Yes, social networking can be kid-friendly

Summary:Many administrators, teachers, and parents simply associate MySpace and FaceBook with the term social networking, possibly adding Twitter to the mix and generally writing off the technology as an unsafe liability. However, we all need to expand our view of what social networking can be.

Many administrators, teachers, and parents simply associate MySpace and FaceBook with the term social networking, possibly adding Twitter to the mix and generally writing off the technology as an unsafe liability. However, we all need to expand our view of what social networking can be. Kid-friendly social media also doesn't need to mean Club Penguin and Webkins.

eSchoolNews put together a brief, yet useful roundup of social networking sites that can help actively engage students and teachers in learning, whether within their schools or around the world. ConnectYard, ePals, eChalk, and Saywire each provide unique tools, but all are focused on bringing the promise of social networking to the classroom without the hassle, privacy issues, and general scariness (at least from a parent's or administrator's perspective) of MySpace.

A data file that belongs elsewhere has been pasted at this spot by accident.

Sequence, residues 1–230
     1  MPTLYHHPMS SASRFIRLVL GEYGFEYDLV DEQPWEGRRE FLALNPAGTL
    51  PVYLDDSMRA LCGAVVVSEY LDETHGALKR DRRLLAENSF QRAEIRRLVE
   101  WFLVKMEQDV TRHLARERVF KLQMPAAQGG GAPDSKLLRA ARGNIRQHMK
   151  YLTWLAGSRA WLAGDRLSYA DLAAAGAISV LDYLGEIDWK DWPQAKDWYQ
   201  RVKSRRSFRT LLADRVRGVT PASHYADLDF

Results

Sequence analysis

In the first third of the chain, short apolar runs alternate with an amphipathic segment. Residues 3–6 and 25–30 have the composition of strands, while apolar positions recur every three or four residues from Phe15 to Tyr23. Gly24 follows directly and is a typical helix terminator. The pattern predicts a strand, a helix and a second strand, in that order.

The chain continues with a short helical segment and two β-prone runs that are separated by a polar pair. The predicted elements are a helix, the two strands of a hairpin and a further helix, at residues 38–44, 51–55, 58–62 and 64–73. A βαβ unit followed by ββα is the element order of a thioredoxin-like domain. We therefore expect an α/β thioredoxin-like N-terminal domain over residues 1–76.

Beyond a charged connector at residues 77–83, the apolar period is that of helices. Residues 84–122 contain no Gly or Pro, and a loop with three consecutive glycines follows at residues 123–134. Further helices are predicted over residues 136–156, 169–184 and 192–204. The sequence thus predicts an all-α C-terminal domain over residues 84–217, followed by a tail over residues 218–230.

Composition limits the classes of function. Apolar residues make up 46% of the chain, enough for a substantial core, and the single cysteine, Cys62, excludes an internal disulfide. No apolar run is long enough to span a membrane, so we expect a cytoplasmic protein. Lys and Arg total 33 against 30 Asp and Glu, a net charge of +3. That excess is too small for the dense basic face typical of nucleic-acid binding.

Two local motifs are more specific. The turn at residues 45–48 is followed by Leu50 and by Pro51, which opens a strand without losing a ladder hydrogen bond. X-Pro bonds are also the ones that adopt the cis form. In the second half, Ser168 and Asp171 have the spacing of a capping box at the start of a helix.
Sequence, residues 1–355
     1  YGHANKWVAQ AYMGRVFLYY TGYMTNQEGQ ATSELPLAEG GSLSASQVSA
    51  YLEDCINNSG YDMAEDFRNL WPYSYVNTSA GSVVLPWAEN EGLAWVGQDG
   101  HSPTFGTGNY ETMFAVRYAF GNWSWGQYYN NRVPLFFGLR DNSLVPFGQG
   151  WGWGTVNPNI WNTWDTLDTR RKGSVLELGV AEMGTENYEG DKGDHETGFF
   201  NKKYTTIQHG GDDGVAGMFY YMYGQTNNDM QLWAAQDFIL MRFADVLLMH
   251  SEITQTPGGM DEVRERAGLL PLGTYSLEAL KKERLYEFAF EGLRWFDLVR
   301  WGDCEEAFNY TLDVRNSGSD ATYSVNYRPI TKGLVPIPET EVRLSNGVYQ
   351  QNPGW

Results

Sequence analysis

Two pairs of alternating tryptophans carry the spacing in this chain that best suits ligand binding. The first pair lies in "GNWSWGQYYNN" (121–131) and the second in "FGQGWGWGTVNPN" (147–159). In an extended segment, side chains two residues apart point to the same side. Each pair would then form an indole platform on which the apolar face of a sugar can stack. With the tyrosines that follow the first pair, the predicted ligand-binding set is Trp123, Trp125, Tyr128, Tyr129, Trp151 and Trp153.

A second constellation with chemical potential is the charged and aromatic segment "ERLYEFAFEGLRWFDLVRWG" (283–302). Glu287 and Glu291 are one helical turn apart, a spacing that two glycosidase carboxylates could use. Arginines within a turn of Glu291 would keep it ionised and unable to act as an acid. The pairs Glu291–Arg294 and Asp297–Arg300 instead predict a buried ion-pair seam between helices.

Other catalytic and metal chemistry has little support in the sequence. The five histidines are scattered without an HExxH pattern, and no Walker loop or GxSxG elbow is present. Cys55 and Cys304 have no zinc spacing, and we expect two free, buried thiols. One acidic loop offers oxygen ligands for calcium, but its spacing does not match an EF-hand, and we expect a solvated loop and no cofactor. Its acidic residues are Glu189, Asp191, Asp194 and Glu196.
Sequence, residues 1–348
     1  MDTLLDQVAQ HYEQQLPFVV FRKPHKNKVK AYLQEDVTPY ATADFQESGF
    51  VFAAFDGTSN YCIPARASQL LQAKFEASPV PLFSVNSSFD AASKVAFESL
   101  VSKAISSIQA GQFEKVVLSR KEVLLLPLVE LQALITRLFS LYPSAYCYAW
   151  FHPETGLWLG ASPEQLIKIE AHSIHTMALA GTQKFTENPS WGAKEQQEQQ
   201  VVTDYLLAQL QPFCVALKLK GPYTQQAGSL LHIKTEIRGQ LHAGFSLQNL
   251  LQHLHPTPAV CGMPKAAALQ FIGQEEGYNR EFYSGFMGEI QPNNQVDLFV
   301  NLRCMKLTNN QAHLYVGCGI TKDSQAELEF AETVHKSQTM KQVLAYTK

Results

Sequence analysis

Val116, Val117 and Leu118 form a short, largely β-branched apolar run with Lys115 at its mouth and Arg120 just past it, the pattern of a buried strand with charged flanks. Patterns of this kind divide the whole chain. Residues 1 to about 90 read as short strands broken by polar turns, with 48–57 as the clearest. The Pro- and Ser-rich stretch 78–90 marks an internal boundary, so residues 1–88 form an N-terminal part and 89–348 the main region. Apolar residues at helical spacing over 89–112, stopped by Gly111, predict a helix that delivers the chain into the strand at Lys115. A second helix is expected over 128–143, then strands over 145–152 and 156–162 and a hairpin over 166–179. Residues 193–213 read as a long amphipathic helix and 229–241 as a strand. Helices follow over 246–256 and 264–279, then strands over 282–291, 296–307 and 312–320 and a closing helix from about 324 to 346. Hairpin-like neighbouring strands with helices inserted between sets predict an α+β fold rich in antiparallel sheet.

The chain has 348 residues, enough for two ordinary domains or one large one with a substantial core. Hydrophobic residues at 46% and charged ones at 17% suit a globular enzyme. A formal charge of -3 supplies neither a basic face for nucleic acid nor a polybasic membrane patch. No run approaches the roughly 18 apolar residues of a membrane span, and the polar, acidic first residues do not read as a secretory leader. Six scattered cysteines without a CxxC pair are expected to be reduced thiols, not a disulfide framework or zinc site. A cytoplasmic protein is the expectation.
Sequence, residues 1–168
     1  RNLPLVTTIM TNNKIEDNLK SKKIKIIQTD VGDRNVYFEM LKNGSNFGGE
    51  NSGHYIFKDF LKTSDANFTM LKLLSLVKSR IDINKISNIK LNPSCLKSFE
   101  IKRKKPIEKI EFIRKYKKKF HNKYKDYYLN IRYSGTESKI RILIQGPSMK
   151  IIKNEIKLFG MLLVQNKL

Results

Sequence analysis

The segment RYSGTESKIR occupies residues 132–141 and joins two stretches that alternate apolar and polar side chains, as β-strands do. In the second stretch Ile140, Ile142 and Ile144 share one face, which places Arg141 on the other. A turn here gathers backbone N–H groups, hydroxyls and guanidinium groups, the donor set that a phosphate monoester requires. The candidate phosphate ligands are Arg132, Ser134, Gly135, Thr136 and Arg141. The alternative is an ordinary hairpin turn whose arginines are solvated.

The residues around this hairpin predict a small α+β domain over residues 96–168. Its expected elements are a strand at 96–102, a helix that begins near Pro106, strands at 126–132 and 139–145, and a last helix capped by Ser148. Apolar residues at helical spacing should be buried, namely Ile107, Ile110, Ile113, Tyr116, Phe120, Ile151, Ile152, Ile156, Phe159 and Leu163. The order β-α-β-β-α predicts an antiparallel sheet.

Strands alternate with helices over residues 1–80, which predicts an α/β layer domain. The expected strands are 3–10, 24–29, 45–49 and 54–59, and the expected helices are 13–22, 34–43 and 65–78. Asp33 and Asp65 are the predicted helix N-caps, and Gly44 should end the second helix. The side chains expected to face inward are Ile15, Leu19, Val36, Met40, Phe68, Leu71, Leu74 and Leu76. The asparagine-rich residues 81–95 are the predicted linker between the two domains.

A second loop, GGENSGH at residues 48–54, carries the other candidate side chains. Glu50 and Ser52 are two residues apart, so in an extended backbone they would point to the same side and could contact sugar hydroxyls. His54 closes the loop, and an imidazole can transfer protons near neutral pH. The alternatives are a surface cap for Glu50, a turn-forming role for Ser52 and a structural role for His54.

Most contain wikis, blogging, email and/or other communications tools. ePals, in particular seems to offer an especially broad set of tools. Saywire also takes an interesting approach, eschewing the anonymity that many students seek in their personal online interactions:

Saywire does not allow for nicknames or handles, and every feature or activity that a member engages in within Saywire will be stamped with their first name, grade, and photo ID. According to Saywire, this is monitoring, not filtering, and students learn that bad behavior will be noticed...

Of course, to be really successful (and safe), these tools require a high degree of teacher involvement. Kids need to see their teachers modeling appropriate use of social media tools so that they can see important applications later and keep themselves out of trouble when the call of FaceBook becomes too strong.

Topics: CXO, Collaboration, Networking, Social Enterprise

About

Christopher Dawson grew up in Seattle, back in the days of pre-antitrust Microsoft, coffeeshops owned by something other than Starbucks, and really loud, inarticulate music. He escaped to the right coast in the early 90's and received a degree in Information Systems from Johns Hopkins University. While there, he began a career in health a... Full Bio

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